Security trucks, it continued, "weighing approximately 7,000 pounds each" sit idling on the street for "approximately 22 minutes daily" at each Yellen morning pickup. When Ms. Yellen leaves her home, a second truck then "speedily pulls out of the security driveway…all the while spilling fluid onto the street, which has now left a permanent stain." Hillandale bylaws expressly prohibit car fluid spills in the common areas.
This map of a nonscientific survey of 5,249 Americans shows that the nation has pretty terrible taste in beer. Note that the survey asked for the respondent's favorite beer, not the beer they drink the most often. While Bud Light (especially the highly alcoholic Bud Light Platinum) has it's place, this map reminds me of the old Monty Python joke: "How is American beer like making love in a canoe?" You can Google the punchline yourself, it's not fit for a family blog.
John Ruple (Utah) & Robert Keiter (Utah) have posted The Future of Federal-State Land Exchanges on SSRN. Here's the abstract:
Today, the land ownership map of the West in many places resembles a crazy quilt, without reason or coherent pattern. Often no single owner (states, private entities, or the Federal government) owns enough contiguous land to allow effective management of land holdings, and fragmented ownership patterns generate a plethora of disputes over access and similar problems.
While this paper focuses on examples from Utah, the challenges posed by a fragmented landscape and conflicting management objectives are much broader. Across the 11 contiguous Western states, state trust lands account for twice the acreage of National Parks and trust lands are often interspersed with protected or sensitive lands. Inholdings within National Forests, for example, total 14.3 million acres.9 While many inholdings are owned by private parties rather than state trust land agencies, the fact that National Forest inholdings in the 11 contiguous Western states account for more land than all of Maryland and Vermont combined indicates the scope of the problem.
Friday, July 4, 2014
TEXAS A&M UNIVERSITY SCHOOL OF LAW seeks to expand its academic program and its strong commitment to scholarship by hiring two exceptional faculty candidates for tenure-track or tenured positions, with rank dependent on qualifications and experience. While the law school welcomes applications in all subject areas, it particularly invites applications in: (1) patent law (including related intellectual property subjects); and (2) legal analysis, research, and writing. Candidates must have a J.D. degree or its equivalent. Preference will be given to those with demonstrated outstanding scholarly achievement and strong classroom teaching skills.
This is an especially attractive time to join Texas A&M University School of Law. Since Texas A&M University acquired the law school from Texas Wesleyan University in August of 2013, applications for admission have increased by over 30 percent and development has grown exponentially, including multiple seven-figure endowed chairs. The law school is poised to build on its tradition of excellence in scholarship, teaching, and public service through the extensive resources and opportunities that result from being part of a world-class public university.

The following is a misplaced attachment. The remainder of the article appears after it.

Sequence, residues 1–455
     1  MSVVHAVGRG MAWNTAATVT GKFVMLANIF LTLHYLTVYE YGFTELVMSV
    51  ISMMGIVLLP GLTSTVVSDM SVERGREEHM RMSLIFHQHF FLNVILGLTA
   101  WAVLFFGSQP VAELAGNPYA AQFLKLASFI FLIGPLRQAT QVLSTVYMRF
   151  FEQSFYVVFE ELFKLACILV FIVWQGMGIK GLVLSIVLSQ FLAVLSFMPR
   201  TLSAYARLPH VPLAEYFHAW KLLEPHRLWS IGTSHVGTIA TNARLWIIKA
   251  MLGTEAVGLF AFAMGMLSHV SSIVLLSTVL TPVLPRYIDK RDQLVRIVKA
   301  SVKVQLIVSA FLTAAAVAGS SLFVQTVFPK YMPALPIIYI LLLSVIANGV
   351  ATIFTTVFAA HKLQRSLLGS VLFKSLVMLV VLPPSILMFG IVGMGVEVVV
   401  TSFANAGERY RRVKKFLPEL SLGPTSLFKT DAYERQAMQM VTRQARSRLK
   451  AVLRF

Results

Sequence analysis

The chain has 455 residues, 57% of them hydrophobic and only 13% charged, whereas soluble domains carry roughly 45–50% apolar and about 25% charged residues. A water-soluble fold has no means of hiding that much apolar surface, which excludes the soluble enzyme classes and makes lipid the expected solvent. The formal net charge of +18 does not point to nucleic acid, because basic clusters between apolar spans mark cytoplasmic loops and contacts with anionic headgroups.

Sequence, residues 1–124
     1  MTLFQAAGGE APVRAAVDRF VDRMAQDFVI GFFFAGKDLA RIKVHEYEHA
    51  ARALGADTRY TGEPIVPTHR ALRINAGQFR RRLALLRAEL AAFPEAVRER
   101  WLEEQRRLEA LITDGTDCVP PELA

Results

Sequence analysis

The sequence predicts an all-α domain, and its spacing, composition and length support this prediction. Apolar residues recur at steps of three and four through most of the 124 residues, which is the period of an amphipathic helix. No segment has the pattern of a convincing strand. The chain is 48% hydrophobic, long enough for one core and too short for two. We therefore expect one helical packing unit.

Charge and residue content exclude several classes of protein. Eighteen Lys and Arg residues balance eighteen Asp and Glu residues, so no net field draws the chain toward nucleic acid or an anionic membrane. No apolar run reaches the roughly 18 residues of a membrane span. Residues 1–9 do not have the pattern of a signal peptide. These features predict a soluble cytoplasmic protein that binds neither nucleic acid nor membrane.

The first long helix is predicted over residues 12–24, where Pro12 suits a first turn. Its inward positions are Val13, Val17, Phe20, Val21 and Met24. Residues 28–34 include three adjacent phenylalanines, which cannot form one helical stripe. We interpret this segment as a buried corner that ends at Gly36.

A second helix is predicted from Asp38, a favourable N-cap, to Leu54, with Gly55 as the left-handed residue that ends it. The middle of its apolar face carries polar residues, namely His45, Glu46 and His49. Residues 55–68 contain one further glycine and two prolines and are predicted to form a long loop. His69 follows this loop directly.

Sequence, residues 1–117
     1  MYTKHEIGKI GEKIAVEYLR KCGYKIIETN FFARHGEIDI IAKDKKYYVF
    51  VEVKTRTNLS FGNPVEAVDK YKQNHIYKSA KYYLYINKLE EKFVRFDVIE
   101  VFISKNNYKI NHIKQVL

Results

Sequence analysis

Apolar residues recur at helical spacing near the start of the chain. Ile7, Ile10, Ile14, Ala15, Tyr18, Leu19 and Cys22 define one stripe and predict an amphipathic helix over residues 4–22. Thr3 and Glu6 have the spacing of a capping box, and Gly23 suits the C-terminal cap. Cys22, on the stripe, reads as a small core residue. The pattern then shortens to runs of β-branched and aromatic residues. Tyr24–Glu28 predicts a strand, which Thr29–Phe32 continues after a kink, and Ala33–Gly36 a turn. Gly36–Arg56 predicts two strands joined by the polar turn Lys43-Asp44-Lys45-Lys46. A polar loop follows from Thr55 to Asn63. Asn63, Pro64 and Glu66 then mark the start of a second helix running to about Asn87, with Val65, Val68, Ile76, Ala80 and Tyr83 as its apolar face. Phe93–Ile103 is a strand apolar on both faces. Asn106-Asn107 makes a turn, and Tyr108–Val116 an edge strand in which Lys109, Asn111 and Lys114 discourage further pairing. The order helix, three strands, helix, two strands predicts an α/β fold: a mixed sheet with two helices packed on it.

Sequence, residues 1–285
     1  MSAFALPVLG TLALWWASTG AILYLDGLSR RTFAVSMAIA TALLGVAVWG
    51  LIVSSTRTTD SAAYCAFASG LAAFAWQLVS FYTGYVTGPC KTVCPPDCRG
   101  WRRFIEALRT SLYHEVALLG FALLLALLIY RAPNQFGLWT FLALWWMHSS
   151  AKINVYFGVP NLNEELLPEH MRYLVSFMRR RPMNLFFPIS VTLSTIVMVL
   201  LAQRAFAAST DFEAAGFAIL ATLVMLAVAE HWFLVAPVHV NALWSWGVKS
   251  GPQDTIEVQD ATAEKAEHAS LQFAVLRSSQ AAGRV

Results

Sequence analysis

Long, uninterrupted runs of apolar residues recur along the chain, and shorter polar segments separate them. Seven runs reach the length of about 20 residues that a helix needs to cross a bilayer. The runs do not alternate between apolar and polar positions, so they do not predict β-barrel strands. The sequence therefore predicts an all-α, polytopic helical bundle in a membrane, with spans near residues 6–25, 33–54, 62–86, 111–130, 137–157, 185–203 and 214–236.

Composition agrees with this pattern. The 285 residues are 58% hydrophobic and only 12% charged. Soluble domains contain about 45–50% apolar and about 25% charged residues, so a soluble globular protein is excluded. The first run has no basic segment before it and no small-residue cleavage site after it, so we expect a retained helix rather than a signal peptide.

Texas A&M University School of Law is located in vibrant downtown Fort Worth. The Fort Worth/Dallas area, with a total population in excess of six million people, offers a low cost of living and a strong economy.
As an Equal Opportunity Employer, Texas A&M University welcomes applications from a broad spectrum of qualified individuals who will enhance the rich diversity of the law school’s academic community. Applicants should email a résumé and cover letter indicating research and teaching interests to Professor Timothy Mulvaney, Chair of the Faculty Appointments Committee, at email@example.com. Alternatively, résumés can be mailed to Professor Mulvaney at Texas A&M University School of Law, 1515 Commerce Street, Fort Worth, Texas 76102-6509.
The papers from Vanderbilt's recent symposium on "The Role of Federal Law in Private Wealth Transfer" are now hitting SSRN. The Symposium featured a lot of the real heavy-hitters in T&E and is worth checking out. Of particular note for property profs is a paper by Josh Tate (SMU) on perpetuities. Here's the abstract for Tate's Perpetuities and the Genius of a Free State:
The recent rise of perpetual trusts has brought new attention to previously obscure state constitutional prohibitions of perpetuities. This comment examines the historical origins of the first such prohibition, Clause 23 of the 1776 North Carolina Constitution and Declaration of Rights, which provided that "perpetuities and monopolies are contrary to the genius of a free State, and ought not to be allowed." Although many good reasons can be offered for the provision, it is curiously absent from the constitutions of the twelve other original states. Why did this provision emerge only in North Carolina, and not in Virginia, Massachusetts, Pennsylvania, or any of the other “free states” that together rose up against their colonial masters?